The last school project, Peter championed was a special needs school, St Francis de Sales, in Jinja. The school has been open for 14 months and cares for some of the most vulnerable children in Ugandan society.  Where previously many of the children with disability were hidden away, receiving no education, they are now bright, loud, and carefree with a hunger to learn.  St Francis de Sales is still to be completed and Peter’s vision was for it to become a centre of excellence in Eastern Uganda in how to educate children who are unable to attend mainstream school.  Peter’s family have asked for this school to be the beneficiary of the Peter Mount Memorial fund. If you would like to contribute, please do so here.

Thank you for everyone who has offered their condolences. Thank you for your kind words.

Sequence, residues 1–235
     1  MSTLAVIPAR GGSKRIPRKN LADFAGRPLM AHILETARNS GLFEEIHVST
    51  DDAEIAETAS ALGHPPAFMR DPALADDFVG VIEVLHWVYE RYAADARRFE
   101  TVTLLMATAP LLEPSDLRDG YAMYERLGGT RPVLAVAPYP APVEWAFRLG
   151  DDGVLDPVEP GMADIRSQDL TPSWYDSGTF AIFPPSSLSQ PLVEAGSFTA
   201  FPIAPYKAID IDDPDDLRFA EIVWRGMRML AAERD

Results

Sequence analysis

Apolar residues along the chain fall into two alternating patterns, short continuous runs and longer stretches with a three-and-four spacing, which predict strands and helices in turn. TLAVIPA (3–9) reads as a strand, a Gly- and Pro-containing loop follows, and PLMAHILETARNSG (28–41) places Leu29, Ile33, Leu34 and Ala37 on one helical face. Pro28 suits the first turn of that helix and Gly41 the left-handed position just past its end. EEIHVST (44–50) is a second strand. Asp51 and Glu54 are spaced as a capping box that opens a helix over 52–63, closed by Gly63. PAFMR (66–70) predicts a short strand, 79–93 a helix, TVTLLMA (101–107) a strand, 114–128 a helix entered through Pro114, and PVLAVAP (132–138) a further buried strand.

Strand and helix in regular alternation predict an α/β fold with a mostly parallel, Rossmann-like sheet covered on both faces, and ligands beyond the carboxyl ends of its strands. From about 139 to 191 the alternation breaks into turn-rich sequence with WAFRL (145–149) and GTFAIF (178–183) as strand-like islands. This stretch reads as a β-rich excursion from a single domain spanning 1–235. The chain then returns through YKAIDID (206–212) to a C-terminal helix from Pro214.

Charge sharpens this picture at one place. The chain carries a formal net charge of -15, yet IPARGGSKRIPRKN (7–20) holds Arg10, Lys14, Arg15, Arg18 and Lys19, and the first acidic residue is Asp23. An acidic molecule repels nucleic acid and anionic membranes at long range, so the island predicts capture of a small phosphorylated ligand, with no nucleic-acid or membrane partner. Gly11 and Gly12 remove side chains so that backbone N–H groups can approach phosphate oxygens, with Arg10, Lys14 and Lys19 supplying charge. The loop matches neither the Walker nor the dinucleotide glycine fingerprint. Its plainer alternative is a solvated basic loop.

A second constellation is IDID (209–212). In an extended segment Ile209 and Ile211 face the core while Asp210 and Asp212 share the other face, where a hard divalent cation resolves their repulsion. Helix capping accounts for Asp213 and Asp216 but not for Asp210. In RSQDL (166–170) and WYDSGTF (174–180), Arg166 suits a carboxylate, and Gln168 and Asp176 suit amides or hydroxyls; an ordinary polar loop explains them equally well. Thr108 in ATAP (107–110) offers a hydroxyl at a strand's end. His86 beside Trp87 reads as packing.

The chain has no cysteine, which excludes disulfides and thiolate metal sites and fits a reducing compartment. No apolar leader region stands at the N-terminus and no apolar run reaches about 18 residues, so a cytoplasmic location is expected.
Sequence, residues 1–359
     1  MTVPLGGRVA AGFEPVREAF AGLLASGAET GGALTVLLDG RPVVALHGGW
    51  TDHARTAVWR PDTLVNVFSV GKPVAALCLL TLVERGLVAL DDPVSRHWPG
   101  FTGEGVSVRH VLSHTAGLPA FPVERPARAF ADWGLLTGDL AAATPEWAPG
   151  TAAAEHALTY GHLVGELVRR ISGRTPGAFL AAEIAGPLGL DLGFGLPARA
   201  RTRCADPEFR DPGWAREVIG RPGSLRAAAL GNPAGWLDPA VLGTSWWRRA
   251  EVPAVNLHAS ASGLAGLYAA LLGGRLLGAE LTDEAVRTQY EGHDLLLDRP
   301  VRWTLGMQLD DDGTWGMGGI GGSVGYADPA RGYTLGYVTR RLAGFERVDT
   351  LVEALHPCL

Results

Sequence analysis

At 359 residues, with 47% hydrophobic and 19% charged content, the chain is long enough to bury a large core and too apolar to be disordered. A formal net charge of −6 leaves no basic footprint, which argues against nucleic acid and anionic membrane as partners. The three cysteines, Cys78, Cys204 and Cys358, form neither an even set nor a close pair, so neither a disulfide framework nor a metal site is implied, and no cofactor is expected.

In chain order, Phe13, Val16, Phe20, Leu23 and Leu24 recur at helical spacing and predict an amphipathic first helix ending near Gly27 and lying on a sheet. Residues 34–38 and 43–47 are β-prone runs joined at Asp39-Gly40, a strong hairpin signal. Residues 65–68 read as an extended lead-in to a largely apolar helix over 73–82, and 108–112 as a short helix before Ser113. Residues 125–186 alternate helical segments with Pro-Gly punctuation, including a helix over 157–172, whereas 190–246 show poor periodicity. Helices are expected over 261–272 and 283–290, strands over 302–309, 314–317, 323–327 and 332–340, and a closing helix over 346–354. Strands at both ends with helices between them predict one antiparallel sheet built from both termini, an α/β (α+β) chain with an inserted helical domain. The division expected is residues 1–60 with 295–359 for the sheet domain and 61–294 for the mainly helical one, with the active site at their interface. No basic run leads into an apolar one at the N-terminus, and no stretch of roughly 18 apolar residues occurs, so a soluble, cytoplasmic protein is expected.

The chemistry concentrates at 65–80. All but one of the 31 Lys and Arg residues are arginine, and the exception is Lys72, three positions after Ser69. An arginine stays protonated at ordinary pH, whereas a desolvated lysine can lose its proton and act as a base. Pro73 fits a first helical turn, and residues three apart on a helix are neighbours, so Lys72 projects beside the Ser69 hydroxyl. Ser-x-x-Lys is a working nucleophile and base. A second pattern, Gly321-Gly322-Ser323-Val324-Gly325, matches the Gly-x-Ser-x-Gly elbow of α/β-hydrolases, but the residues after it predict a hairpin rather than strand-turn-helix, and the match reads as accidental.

Saturday 11 February 2023

Turning silent withdrawal into confidence and opportunity

This year just under a million children in Uganda sat the Primary Leaving Examination to mark the end of their studies at Primary School. This chart shows the performance of students with disabilities who took the exam in the Jinja locality. Children who are deaf score the lowest grades.

Jinja is where our special needs school, St Francis de Sales (SFDS) is situated, where half the pupils have marked hearing loss.  These results do not come as a surprise to the teachers who work there.  Hearing loss inevitably leads to profound communication difficulties, withdrawal, loss of confidence and social marginalisation unless special services are put in place from a pre-school age.  With the support our donors provide, HUGS is helping the teachers at St Francis de Sales stop the process of silent withdrawal and turn it into confidence and opportunity. If you are ever lucky enough to visit the school, you will see immediately how the children are far from marginalised; they brim with enthusiasm and demand attention.